UBC Theses and Dissertations
This is what dreams are made of : the effects of adaptation of popular tween/teen girl novels, films, and screenplay novelizations on constructions of varying femininities : The princess diaries and The Lizzie McGuire movie Andersen, Kirsten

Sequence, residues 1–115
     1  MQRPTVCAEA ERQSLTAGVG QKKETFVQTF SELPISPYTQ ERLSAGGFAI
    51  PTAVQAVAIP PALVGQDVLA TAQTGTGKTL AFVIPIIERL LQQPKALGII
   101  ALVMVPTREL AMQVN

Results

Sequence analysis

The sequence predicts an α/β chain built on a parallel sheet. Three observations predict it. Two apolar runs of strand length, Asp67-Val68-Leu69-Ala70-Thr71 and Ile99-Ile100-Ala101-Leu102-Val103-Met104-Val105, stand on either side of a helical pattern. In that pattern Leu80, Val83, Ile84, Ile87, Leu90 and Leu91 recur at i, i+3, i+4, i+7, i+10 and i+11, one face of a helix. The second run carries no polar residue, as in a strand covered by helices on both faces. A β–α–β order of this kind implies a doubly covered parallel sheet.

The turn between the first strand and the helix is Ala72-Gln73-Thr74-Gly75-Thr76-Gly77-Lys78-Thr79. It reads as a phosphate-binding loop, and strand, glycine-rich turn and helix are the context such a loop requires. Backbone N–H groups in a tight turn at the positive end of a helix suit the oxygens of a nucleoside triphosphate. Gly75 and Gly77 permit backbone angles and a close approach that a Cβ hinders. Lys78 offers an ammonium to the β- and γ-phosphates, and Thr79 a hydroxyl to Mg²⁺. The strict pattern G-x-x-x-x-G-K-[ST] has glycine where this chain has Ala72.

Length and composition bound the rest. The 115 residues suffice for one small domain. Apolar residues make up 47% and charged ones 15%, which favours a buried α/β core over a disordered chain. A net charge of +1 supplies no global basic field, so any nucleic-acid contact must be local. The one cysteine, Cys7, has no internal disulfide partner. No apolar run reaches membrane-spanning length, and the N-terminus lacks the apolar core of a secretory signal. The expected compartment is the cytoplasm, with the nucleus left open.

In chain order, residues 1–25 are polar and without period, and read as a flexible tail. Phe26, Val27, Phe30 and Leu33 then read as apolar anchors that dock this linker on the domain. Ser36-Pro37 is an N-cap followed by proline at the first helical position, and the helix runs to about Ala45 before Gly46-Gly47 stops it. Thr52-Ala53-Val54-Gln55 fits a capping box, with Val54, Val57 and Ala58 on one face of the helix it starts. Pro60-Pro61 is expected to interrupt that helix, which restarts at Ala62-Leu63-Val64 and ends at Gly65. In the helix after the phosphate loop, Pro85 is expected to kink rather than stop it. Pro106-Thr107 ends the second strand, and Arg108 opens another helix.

This thesis investigates the representations of adolescent femininity in post-2000 American novels and films produced for tween and teen girl audiences. It uses texts with similar narrative structures to compare the effects of adaptation from book-to-film to the effects of adaptation from screenplay-to-junior novelization. The overall methodological approach is discourse analysis, informed by narrative analysis adapted by Brian McFarlane from the work of Roland Barthes to consider the difference between what is transferred across media and what is adapted. Representations of femininity in the books and movies are explored through the distributional narrative functions, which can be transferred and may be adapted, as well as integrational narrative functions, which generally must be adapted according to medium. Gillian Rose's methods of visual analysis are used to consider the books and movies as objects, accounting for their technological, compositional and social elements. Varying discourses result from adaptation. The book-to-film adaptation strategies of transfer result in similar storytelling in both versions, while re-emphasis and adaptation also alter the discourse considerably. The film-to-book adaptation uses transferring devices and does not fully adapt the movie to a literary medium. All the texts reinscribe certain notions about femininity and offer many stock characters. Both movies imply adulthood as an endpoint of character development, while the book versions offer a consistently adolescent or pre-adolescent point of view. Both movies foreground the act of looking although it is not necessitated by the medium.